Mrs Fiona Quek's first stop on her shopping trip was the DBS Bank branch in Bishan's Junction 8 mall.
But when she realised the waiting time to exchange currency notes for the new commemorative SG50 ones was six hours long, she made a beeline for the banks at Toa Payoh Central instead.
"I decided to come here to try my luck; there are so many banks here - UOB, Maybank, OCBC - I thought the queues would be shorter," said Mrs Quek, who works in finance.
The 45-year-old was among the retirees, housewives, students and professionals who flocked to banks yesterday to get their hands on the limited-edition currency notes.
Their enthusiasm was not marred by the long queues at various outlets, or the presence of typos - the name of Yusof Ishak, Singapore's first president, was misspelt on the notes' packaging and enclosed booklet.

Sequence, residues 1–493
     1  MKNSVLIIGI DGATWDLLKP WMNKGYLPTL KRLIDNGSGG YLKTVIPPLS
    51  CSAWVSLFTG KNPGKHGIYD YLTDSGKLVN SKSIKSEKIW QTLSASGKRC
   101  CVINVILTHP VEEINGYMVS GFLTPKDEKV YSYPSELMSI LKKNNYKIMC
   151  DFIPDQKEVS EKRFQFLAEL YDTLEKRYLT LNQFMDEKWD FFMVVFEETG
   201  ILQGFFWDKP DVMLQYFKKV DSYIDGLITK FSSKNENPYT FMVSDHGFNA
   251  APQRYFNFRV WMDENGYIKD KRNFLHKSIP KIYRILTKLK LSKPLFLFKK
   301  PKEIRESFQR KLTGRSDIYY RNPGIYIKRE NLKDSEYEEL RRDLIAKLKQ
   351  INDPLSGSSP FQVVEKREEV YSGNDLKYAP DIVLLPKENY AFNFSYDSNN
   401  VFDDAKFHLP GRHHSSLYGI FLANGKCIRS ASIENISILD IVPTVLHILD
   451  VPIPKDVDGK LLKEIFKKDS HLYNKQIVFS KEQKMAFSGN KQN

A set of the SG50 commemorative notes comprises one $50 note and five $10 polymer notes of different designs. Each person is entitled to exchange five sets. The Monetary Authority of Singapore is printing 20 million $50 notes and 75 million $10 notes - 15 million of each design.
These were launched on Tuesday by Prime Minister Lee Hsien Loong and feature unique designs, including the first National Day Parade in 1966.
Singaporeans are given priority to exchange the notes from yesterday to Sept 30. They will be available to non-Singaporeans from Oct 1.
Many banks, including DBS and United Overseas Bank (UOB), have extended banking hours to cater to the crowd in the days ahead.
Many Singaporeans waiting in line yesterday wanted to pass on the notes to the younger generation - in the hope that they would remember these historic milestones.
"I'm getting five sets, but some I will give away to my daughter and niece," said retiree Foo Han Keow, 72, who was at the POSB branch at Toa Payoh's HDB Hub at 9.15am.
The more than 150 people waiting in line there were given queue numbers and told to come back.
Retiree Alice Liew, 60, waited there for more than three hours, hoping to change $500 - the maximum allowed. She said: "I want to get it as a keepsake. I don't mind the queue; I was expecting to wait. This is only once in 50 years."